I got back to the country on Sunday night. Four nights of rain. I’ve barely left my house.
Some fierce wind today. Blew my front door open and I listened to it flap around. The wind ripped the screws right out of the door frame.
I watched as a strong gust wrenched the doors off the baby barn and threw them on the grass. Now the lawnmower glowers at me from across the driveway.
Out the back window: the river. Steel-grey and rising.
I get in the car and drive. Classic rock on the radio. I will trade you the complete Aerosmith discography for a working tape deck. I slow down at the train bridge and watch a freight train rumble across.
The train bridge is a mighty structure across the Salmon River. I slow down almost to a stop right in the middle of Main Street, watching the train, under the bridge, still driving, over my head, over my shoulder, through the driver’s side window, it comes and comes. Graffiti and petroleum. It’s important to see both sides of things.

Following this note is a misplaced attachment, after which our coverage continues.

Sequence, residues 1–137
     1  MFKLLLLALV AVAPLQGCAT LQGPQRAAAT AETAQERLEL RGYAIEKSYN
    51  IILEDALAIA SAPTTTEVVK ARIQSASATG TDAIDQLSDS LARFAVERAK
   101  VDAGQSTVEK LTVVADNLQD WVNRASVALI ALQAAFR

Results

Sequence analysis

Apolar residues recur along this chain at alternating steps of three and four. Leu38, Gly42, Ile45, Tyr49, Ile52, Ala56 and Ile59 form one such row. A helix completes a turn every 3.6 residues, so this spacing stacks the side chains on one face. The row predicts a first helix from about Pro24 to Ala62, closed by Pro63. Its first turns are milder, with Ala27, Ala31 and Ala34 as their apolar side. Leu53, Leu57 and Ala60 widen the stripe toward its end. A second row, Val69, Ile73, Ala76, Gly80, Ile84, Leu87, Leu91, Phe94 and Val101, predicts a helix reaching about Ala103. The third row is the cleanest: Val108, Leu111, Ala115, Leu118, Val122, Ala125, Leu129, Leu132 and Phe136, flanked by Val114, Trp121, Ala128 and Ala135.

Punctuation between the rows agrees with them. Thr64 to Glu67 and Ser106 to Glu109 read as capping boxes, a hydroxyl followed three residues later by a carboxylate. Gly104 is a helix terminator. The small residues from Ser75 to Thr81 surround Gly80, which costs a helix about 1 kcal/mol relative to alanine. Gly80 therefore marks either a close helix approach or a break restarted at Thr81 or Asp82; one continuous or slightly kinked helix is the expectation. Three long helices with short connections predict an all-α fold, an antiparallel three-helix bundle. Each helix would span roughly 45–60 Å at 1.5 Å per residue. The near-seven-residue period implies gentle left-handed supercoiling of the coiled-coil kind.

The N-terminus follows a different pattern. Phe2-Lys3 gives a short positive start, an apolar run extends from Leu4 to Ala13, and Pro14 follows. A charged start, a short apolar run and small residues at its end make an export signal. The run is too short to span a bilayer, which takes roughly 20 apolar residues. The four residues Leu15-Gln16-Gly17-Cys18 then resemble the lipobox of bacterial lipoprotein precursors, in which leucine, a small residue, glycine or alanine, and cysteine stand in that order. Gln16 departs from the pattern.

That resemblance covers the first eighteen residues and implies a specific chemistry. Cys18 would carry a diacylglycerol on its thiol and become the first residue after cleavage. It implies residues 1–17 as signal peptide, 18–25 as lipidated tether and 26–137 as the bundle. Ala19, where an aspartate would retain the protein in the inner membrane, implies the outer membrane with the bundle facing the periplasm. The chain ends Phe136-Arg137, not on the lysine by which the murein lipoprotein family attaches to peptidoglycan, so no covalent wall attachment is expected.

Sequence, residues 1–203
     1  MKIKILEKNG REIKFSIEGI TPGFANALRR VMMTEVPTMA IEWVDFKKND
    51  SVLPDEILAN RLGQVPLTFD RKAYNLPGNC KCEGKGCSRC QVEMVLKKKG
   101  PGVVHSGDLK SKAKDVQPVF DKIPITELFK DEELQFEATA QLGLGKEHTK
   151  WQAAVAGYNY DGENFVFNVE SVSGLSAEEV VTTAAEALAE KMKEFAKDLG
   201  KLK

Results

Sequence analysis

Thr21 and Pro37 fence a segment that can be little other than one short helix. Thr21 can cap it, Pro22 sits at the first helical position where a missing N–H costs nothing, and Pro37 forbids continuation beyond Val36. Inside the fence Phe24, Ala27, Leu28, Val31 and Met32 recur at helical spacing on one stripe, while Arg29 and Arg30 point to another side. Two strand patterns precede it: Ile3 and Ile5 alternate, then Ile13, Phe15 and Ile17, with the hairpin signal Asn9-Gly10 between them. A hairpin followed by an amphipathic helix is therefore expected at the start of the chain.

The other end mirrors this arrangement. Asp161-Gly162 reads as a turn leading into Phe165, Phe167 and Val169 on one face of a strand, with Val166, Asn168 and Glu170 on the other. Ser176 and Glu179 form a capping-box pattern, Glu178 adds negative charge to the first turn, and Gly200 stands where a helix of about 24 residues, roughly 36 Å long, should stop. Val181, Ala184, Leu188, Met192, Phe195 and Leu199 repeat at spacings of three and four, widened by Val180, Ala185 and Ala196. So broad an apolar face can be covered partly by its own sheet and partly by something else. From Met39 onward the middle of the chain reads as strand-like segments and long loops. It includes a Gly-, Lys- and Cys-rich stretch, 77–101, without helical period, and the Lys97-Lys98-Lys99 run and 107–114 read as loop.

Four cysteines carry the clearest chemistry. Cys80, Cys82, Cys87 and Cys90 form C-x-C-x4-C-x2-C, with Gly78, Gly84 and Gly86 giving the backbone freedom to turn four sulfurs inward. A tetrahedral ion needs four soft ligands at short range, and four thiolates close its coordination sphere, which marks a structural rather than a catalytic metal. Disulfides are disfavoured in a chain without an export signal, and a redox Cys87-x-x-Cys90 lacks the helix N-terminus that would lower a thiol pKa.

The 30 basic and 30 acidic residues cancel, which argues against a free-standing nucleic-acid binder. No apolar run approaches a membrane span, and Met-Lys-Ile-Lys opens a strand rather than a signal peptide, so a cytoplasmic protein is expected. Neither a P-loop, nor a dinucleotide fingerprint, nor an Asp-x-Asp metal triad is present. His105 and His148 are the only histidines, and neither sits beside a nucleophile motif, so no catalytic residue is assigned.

At the causeway a muskrat wiggles across the road in front of me. Big wet rat is all a muskrat is.
I drive very fast along the empty country road. I got a headful of Hendrix, I’m feeling OK. Just me and Jimi and the need for speed. I’m goin’ down to shoot my old lady.
A deer runs up to the edge of Route 10 and stops. Go ahead, I dare you.
The car hydroplanes and goes into a skid. Bambi scampers away. The adrenalin rush is the release I’ve been craving.
I arrive back at Barton Drive (population: one) to find an RCMP car blocking the road. I signal left, and he pulls ahead out of my way. The Mountie gives me a gruff nod as I pass.
I watch the rear view mirror on my way down the hill. The Mountie backs up to his original position. Strange place for a speed trap.
Or maybe it’s for my own protection.